Green 2nd year twig with this year’s growth distinctly different in color (Centennial Woods, Burlington)

Boxelder, Spring’s mood ring

Spring is in the air! Many of our migratory black birds – grackles, red-winged blackbirds, turkey vultures, bald eagles – are back or in the process of returning. And with the all this warm weather, cardinals, titmice, house finches are a-singing and crows are already building nests. I took advantage of Sunday’s springy warm and sunny weather to head out and take some photos of tree buds before they start bursting open.

Right out my door there are a number of boxelders and I was immediately struck with the variability in color this time of year. The most recent 2 years of growth tend to have pretty good range in color, from green to orange to purple. By their third year, the bark turns a pretty drab gray. The unlucky twigs that are killed by insects, deer browse or another cause turn a white gray at the tip and orange lower down (see images below).

Why all the variation in color? This time of year as the temperatures warm and the days are getting longer, the trees are getting antsy to start photosynthesizing. But unless you’re a conifer and still have all your needles, then you’re pretty ill-equipped to take advantage of the weather changes. Putting sensitive leaves out this early puts them at risk of dying in a late frost. Trees are not the wasteful sort and put kick their twigs into action, performing the role of leaves on warm, sunny late winter, early spring days. The difference is particularly prominent in aspens, which change from a winter white to a deep golden spring green. Green ashes turn a beautiful pink. While many many trees photosynthesize in their bark they tend not to be too showy about it.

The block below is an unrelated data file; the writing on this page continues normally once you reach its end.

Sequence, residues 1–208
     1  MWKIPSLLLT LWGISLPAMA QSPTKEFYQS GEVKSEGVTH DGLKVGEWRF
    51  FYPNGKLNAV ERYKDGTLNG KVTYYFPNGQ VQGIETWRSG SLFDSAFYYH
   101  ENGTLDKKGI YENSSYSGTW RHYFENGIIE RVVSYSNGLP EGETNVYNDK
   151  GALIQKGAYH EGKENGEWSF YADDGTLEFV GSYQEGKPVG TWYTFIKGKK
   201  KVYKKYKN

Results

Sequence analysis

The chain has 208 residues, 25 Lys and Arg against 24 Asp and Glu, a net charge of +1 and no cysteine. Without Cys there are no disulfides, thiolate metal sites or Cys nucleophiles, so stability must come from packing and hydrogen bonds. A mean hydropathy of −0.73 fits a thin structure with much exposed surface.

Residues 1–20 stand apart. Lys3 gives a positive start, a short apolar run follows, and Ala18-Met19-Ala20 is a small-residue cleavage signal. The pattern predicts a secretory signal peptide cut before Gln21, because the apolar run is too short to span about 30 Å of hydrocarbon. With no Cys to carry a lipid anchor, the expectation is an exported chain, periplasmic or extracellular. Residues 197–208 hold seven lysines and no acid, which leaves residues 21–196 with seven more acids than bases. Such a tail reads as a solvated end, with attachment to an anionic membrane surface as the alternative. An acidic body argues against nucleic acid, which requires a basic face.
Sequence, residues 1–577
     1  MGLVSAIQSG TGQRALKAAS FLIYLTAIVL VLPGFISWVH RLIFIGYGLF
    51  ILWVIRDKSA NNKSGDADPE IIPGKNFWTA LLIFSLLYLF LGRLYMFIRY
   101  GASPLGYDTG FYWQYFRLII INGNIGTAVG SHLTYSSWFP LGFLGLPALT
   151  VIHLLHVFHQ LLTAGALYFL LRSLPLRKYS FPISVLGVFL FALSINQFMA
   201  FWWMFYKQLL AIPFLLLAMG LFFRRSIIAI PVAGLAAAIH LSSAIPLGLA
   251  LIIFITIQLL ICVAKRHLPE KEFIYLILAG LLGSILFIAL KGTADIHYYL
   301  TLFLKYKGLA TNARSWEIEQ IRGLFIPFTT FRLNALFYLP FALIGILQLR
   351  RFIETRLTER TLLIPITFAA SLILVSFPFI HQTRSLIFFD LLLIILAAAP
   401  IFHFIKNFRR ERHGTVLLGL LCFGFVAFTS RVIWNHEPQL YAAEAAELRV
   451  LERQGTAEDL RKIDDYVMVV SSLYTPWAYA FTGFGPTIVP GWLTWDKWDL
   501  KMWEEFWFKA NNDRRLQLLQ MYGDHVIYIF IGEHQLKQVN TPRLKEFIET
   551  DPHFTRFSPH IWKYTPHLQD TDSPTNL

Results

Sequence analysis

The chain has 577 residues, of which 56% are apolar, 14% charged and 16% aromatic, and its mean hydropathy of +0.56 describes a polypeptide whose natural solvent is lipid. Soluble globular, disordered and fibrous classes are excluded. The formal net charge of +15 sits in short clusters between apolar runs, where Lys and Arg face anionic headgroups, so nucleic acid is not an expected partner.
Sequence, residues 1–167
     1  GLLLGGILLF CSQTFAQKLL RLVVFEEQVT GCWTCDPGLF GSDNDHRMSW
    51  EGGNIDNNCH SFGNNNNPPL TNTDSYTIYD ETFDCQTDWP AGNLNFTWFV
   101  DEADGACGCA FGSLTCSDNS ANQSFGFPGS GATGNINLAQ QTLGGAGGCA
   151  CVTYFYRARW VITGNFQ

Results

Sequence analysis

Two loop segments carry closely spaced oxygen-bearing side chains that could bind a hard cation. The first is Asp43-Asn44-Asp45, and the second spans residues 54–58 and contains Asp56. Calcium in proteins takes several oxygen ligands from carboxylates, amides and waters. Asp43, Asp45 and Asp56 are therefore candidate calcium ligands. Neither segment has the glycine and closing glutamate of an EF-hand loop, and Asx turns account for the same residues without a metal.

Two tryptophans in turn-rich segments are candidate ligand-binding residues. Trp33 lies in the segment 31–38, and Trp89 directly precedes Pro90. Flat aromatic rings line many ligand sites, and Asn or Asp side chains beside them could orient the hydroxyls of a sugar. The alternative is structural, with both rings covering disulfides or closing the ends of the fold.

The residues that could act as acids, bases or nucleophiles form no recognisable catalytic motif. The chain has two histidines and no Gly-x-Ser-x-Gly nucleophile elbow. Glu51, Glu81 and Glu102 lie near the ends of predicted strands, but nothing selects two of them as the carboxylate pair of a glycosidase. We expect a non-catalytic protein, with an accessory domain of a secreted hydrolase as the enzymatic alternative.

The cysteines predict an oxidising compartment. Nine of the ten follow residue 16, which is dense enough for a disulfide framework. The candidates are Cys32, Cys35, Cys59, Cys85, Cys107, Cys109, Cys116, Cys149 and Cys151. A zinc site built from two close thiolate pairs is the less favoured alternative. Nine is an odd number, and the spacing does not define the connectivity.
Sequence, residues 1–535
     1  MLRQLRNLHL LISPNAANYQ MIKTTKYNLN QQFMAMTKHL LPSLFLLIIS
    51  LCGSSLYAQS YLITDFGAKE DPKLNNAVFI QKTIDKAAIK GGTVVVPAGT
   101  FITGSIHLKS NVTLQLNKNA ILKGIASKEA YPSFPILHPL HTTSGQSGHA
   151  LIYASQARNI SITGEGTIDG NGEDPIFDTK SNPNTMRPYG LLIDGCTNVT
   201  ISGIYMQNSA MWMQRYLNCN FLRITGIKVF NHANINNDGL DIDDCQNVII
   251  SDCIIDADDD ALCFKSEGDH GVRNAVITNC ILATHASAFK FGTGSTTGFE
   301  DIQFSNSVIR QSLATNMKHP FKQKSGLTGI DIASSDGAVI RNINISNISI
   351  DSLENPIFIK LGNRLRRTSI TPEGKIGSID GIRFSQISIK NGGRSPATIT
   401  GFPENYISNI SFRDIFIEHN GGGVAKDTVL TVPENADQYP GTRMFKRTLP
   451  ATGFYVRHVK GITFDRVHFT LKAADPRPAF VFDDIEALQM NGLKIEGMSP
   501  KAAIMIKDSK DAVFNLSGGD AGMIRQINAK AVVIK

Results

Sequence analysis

Boxelder, like aspens and green ash, are not a shy bunch. While colorful year round, this time of year they just start glowing, telling us that spring is indeed here! Here’s an overview of the colors on boxelder:

  • Gray:– 3-year-old mature bark
  • Yellow: Spring is here. On 2-year-old bark in fully exposed twigs
  • Green: On 2-year-old twigs in less sunny spots
  • Purple: On 1-year-old twigs, color results from pigments (anthocyanins) that protect from the sun
  • White: From the waxy cuticle, retained for first year, easily rubs off

Check out the gallery below for the different colors.

More on the topic

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